Oil price climbing to a point where Guyana can rake in record revenues

An oil supply shortfall is coming and with OPEC+ expected to provide just a fraction of the demand, barrels from producers outside of the alliance, such as Guyana, would be needed even more. Already, dated Brent has soared past $75 a barrel – a two year high – as inventories continue to fall and demand picks up.

This scenario has seen analysts predict the return of a $100 a barrel oil price which would be the highest since Guyana began producing crude at the Liza Phase 1 Development in December 2019. This would see the Guyana government raking in around US$100 million per oil lift.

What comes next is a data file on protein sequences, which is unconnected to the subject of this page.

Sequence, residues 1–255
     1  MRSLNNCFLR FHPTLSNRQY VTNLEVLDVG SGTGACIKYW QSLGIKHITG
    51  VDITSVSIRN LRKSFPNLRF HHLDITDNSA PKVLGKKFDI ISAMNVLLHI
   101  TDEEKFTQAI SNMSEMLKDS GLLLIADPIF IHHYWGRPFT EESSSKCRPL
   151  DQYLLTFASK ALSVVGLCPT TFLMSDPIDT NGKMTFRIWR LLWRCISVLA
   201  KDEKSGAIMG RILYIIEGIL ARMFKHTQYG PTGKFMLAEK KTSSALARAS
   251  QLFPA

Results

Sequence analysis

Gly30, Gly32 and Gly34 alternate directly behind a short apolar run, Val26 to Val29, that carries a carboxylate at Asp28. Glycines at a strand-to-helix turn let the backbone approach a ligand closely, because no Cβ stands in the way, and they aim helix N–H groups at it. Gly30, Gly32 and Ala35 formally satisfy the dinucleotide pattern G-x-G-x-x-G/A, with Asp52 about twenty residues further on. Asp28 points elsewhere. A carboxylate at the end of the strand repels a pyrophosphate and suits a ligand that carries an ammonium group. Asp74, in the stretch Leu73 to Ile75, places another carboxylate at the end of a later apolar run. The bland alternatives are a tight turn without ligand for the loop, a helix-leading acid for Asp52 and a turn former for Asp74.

The OPEC alliance will meet next week where it is expected to revive some more of its halted output, according to a Bloomberg survey, and delegates from the group say discussions are already underway. Yet with Riyadh determined to proceed cautiously, market watchers expect any increase to leave the market wanting more.

“This market’s on fire,” Bill Farren-Price, a director at research firm Enverus, was quoted by Bloomberg as saying. “The Saudis don’t seem inclined to signal a substantial increase in supplies. But even if OPEC+ adds barrels, prices are going to stay strong.”

According to S&P Global Platts, members will be keen to capture some of the rising demand for oil, without pushing prices down, while they also await the outcome of the stalled US-Iran nuclear deal negotiations.

“Given the more than 5 million b/d spare capacity at the alliance’s disposal, an excessive output increase could have catastrophic repercussions, but it is implausible that the group would jeopardize the achievements of the past year or so by raising production irresponsibly,” said Tamas Varga, an analyst with brokerage PVM Associates.